I have been busy, busy, busy painting chandeliers this week: eight, to be exact. Our church sanctuary is being renovated this summer and some of us ladies decided it was high time for the bright brass chandeliers to go. But at $200 a pop, it just wasn't in the renovation budget to replace them.
So we proposed we spray paint them black, and those new to the idea of do-it-herself were horrified. You know, we might ruin church property or something. But we persevered and the final result looks fabulous.This is the before view; we were getting ready to begin renovations the next day. Two brass chandeliers are barely visible in the top right corner.
Day 1: The property manager borrowed a lift to take the chandeliers down from the ceiling. I washed them all and removed about 12,000 dead lady bugs. Ick! Then I covered the light sockets with aluminum foil and hung them outside.
We set up a hanging system using three ladders on the grass. The lawn badly needed mowing, but that is good, because once we finish painting, the lawn kid can just mow the paint overspray off.
It was 90-plus degrees outside that day and the humidity was close to that. All my helpers had backed out at the last minute so I went at it alone. After I had primed three chandeliers it started to rain, so I finally had to quit.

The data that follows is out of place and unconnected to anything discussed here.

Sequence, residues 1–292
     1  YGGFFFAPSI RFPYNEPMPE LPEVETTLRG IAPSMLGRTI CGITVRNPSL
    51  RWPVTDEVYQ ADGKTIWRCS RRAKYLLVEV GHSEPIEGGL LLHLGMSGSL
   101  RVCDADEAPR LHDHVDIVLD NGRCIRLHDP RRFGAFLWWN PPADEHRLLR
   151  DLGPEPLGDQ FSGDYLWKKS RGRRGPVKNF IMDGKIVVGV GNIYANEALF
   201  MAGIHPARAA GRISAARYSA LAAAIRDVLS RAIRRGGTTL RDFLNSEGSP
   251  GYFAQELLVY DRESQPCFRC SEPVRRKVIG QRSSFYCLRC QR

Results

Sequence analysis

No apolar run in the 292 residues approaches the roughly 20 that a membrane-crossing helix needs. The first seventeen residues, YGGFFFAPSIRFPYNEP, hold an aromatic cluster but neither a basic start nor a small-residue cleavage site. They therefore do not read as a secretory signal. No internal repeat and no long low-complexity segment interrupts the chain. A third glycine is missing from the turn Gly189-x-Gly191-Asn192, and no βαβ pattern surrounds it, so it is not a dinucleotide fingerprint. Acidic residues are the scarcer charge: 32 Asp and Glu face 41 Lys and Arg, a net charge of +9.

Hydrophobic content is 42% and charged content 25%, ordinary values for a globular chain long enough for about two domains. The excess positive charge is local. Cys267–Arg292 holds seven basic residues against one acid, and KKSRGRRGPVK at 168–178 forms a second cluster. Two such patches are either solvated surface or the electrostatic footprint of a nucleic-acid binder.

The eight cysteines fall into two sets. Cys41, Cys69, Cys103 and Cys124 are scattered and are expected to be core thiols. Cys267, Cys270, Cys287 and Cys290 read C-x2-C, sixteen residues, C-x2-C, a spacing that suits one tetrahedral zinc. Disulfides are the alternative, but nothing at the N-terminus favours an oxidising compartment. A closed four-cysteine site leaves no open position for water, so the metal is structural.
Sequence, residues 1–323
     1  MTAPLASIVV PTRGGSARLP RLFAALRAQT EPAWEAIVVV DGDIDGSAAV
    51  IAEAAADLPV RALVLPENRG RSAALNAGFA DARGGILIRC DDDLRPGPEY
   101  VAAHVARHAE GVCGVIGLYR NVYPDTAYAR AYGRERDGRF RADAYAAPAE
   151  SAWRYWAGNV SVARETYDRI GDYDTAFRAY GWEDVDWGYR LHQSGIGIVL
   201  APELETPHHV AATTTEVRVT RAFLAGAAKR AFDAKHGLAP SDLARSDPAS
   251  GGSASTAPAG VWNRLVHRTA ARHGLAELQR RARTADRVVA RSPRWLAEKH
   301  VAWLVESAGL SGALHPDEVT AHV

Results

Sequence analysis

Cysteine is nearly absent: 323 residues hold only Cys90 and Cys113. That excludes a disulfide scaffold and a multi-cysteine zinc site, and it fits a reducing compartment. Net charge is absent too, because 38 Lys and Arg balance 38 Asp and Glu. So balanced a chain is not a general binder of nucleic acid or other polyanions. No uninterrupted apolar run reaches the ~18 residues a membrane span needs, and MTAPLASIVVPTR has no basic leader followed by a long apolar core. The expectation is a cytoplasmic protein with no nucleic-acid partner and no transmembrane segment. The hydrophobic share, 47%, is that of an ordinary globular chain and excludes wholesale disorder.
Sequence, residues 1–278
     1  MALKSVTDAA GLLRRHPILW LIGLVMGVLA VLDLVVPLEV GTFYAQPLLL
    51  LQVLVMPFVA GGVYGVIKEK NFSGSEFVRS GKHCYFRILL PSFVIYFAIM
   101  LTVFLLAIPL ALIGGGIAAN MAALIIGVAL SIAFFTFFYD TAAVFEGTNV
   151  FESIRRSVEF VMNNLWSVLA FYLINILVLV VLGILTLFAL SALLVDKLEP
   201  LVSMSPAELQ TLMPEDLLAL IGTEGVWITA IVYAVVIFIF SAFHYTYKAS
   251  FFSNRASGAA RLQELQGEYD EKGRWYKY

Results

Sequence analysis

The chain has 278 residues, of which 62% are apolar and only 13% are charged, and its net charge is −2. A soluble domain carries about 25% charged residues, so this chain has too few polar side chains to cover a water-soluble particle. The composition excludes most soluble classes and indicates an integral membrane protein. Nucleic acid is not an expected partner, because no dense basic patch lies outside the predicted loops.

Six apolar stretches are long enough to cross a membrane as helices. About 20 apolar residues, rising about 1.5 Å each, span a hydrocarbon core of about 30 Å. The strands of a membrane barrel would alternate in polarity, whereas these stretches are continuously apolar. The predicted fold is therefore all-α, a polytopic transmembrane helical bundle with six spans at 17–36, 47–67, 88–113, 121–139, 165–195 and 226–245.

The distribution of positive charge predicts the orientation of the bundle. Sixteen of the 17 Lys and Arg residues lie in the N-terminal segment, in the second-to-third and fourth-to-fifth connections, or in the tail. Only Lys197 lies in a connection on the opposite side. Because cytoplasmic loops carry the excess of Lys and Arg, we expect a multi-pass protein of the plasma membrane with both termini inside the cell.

Day 2: I rounded up a couple of helpers. Here they are putting on the final primer coat. After the primer, we went at them with Krylon Black Satin paint. It took two of us to check and recheck for missed spots. Chandeliers can be complicated to paint!
A final coat of Crystal Clear by Krylon, and then a final drying. As each chandelier dried, we replaced the brass chain with new black chain, and our friend on the lift rehung them.
All eight are back up (only four are visible). They beautifully show in silhouette against the new gray paint of the walls. All the renovations are complete here too: new platform and carpet; new pillars and trim around windows; new wall paint.
My heartfelt thanks to friends Mary Jo and Kathy for your painting help, and thanks to Dennis for playing electrician/lift operator/engineer!
I'm linking to Met Monday over at BNOTP.